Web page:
Difference Between Pentatonic and Major Scales For Guitar
A customer asks:
If the pentatonic scale pattern is built inside the major scale pattern, what’s the point of learning the pentatonic? If you learn the major scale, you automatically learn also the pentatonic, right?
This is a great question about learning guitar scales. I could add to it, “If all scales are derived from the chromatic scale, what’s the point of learning anything else? If you learn every chromatic note on the guitar fretboard, you’re touching on any and all types of scales.”
Of course, is doesn’t work this way. Guitar scales make unique patterns on the fretboard. If you want to create pentatonic sounds, you must know which major scale notes to skip over. This is why guitarists learn pentatonic scale patterns separately.
Since the pentatonic scale notes alone are so widely used for melodies, riffs, solos and bass lines, it’s critical for guitar players to map out and learn just these notes on the neck. It’s also critical for players to learn how to execute techniques such as hammer-ons, pull-offs, slides and bends with the special two-notes-per-string pentatonic patterns.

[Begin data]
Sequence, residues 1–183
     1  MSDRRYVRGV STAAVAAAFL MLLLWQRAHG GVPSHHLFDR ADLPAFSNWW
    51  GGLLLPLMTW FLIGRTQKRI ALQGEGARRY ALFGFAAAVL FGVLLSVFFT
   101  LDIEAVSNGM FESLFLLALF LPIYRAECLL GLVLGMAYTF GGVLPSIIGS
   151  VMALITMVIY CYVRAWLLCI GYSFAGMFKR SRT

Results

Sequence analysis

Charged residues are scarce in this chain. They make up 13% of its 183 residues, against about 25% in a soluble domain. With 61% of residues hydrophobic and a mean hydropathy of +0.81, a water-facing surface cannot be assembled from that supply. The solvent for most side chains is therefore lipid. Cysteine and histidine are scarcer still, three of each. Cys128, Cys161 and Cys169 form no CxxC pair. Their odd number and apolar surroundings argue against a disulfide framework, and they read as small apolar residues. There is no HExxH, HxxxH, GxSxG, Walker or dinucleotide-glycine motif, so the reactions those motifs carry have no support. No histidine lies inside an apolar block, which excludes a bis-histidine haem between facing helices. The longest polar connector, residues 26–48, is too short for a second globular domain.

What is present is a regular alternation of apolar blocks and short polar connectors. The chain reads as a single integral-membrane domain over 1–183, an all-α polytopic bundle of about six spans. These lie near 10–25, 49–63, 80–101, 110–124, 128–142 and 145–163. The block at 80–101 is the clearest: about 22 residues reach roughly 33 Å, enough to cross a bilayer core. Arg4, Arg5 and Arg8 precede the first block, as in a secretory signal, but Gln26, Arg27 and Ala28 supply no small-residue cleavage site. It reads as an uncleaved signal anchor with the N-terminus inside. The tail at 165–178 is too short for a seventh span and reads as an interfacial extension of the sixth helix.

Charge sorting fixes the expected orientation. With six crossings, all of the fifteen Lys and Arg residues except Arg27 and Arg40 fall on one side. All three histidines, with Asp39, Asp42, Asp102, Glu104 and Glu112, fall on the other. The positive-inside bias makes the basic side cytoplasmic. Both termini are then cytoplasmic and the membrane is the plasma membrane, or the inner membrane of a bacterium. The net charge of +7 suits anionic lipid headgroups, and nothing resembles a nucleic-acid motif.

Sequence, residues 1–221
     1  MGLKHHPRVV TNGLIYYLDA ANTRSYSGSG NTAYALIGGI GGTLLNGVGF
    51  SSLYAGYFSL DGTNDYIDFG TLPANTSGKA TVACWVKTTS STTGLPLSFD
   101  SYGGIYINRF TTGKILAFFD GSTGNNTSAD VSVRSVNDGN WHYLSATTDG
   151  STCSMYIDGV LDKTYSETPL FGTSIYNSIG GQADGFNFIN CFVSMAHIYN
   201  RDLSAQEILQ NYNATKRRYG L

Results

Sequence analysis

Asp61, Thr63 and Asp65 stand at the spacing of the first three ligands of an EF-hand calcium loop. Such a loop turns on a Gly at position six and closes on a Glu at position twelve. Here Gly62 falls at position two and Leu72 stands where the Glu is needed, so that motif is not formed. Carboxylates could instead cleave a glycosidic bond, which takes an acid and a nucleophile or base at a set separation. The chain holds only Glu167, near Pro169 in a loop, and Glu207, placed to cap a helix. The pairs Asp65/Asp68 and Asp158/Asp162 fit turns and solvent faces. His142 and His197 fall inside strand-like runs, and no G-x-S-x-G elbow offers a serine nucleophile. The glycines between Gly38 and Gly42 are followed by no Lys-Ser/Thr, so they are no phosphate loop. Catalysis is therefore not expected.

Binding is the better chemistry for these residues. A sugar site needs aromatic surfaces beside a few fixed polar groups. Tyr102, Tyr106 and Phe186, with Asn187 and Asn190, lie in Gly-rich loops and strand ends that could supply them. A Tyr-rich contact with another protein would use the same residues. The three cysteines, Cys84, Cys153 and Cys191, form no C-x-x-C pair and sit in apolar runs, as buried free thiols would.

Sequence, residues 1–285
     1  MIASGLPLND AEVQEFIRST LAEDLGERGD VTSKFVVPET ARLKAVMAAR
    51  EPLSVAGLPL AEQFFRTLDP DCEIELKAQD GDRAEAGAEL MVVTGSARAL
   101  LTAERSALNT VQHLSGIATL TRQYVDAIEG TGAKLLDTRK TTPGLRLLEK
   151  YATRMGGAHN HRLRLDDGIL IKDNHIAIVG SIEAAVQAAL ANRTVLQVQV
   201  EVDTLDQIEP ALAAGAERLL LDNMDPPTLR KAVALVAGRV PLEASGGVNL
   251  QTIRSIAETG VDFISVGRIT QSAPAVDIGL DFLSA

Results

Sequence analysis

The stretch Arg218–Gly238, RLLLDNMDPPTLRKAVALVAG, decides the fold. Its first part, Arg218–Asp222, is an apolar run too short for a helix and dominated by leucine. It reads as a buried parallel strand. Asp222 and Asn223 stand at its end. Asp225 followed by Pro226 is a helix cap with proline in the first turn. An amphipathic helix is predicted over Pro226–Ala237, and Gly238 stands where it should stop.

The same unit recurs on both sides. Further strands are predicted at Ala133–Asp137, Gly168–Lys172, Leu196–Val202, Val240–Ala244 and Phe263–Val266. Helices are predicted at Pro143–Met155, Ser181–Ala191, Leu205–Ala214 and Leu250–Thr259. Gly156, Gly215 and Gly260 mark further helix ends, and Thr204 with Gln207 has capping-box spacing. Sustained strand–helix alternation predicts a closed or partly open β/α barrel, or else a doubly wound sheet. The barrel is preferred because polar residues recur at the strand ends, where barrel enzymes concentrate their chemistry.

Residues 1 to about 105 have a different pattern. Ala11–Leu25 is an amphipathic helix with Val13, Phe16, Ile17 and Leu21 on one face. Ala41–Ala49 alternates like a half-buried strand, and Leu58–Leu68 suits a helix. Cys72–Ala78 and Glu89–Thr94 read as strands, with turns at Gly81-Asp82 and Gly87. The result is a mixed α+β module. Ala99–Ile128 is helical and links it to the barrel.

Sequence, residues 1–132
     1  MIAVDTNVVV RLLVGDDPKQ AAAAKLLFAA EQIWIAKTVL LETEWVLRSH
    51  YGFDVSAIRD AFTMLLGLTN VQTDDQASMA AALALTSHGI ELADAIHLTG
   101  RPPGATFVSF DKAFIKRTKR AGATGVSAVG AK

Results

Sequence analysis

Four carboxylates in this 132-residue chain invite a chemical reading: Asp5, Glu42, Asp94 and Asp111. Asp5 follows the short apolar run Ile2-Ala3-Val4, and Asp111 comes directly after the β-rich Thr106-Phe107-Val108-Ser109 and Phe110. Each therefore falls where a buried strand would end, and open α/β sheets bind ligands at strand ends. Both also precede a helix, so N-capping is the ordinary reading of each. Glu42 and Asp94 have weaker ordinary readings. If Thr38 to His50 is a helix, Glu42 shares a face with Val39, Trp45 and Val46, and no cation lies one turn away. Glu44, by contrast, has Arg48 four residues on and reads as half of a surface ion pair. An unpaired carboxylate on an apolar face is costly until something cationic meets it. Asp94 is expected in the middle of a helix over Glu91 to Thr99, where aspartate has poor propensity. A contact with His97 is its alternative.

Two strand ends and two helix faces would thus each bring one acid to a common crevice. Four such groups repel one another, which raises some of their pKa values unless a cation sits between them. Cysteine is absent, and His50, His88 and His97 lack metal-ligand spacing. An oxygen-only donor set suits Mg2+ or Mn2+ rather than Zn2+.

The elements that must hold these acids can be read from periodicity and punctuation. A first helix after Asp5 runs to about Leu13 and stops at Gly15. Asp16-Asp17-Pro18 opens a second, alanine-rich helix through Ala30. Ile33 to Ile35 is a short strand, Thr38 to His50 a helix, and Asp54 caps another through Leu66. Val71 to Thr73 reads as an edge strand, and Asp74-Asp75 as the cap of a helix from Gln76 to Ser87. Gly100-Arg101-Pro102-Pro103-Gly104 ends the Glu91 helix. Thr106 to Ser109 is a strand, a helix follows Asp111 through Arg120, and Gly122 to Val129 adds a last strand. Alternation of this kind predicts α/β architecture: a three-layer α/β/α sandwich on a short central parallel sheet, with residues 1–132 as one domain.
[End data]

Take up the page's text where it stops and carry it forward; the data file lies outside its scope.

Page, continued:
I teach all about pentatonic scale patterns and their use in my Fretboard Theory guitar theory program.
If you just want to focus on using and applying the pentatonic scale patterns and leave other theory stuff for later, then get my mini course, Pentatonic Scale Patterns: How to Easily Master the Patterns Used to Play Music’s Most Iconic Guitar Riffs and Solos (Video + Added Resources).